Based on advice from National Meteorological and Hydrological Services, the worst affected countries are already planning for the impact on agriculture, fisheries, water and health, and implementing disaster management campaigns to save lives and minimize economic damage and disruption, he added.
“Severe droughts and devastating flooding being experienced throughout the tropics and sub-tropical zones bear the hallmarks of this El Niño, which is the strongest for more than 15 years,” he said, noting that peak three-month average surface water temperatures in the east-central tropical Pacific Ocean will exceed 2 degrees Celsius above normal.
But, he stressed: “We are better prepared for this event than we have ever been in the past.”
Various UN agencies have already issued warnings about the current El Niño, in which oscillation of the ocean-atmosphere system significantly impacts global weather, from increased rain and flooding in the southern United States and Peru to drought in the West Pacific and devastating brush fires in Australia.
Last week the UN Children’s Fund (UNICEF) warned that 11 million children are at risk from hunger, disease and lack of water in eastern and southern Africa alone, while the UN World Food Programme (WFP) said 2.3 million people in Central America will need food aid as El Niño exacerbates a prolonged drought.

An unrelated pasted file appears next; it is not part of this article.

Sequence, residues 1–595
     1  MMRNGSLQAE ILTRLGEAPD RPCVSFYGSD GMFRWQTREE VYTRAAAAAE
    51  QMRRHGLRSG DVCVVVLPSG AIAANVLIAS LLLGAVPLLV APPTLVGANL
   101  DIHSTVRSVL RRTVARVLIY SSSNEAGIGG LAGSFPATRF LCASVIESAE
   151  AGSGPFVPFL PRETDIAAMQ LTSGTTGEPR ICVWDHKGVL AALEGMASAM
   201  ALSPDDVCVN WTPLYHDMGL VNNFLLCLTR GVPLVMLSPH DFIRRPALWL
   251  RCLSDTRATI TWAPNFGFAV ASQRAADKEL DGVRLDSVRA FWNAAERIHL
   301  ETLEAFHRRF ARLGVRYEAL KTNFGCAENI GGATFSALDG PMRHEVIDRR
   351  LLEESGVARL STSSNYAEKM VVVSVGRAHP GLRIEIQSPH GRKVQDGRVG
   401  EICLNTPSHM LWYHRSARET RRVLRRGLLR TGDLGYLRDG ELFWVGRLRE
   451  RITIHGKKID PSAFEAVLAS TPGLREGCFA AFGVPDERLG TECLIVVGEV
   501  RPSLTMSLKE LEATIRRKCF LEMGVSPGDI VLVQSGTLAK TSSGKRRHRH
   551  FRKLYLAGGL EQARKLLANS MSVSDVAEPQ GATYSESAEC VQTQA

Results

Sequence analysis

Jarraud released the update on the eve of an international scientific conference in New York, co-sponsored by WMO, which seeks to increase scientific understanding of El Niño the event and its impact, and boost resilience to anticipated global socio-economic shocks.
“Our planet has altered dramatically because of climate change, the general trend towards a warmer global ocean, the loss of Arctic sea ice and of over a million square kilometres of summer snow cover in the northern hemisphere. So this naturally occurring El Niño event and human induced climate change may interact and modify each other in ways which we have never before experienced,” he warned.
El Niño has already been associated with a number of major impacts, including coral bleaching hitting US coral reefs disproportionately hard, and tropical cyclones in the Western and Eastern North Pacific basins, such as last month’s Hurricane Patricia in Mexico, reportedly the most intense tropical cyclone in the western hemisphere.
In South East Asia, El Niño is typically associated with drought and has helped fuel wildfires in Indonesia, among the worst on record, causing dense haze there and in neighbouring countries, with significant repercussions for health.
In South Asia, it is believed to have played a key role in a shortfall in rain and Southern Africa countries also report below average rainfall, drought conditions and fears of food insecurity.
In South America, El Niño tends to increase rainfall. In 1997-98 rains in central Ecuador and Peru were more than 10 times the normal, causing flooding, extensive erosion and deadly mudslides, destruction of homes and infrastructure, and damage to food supplies.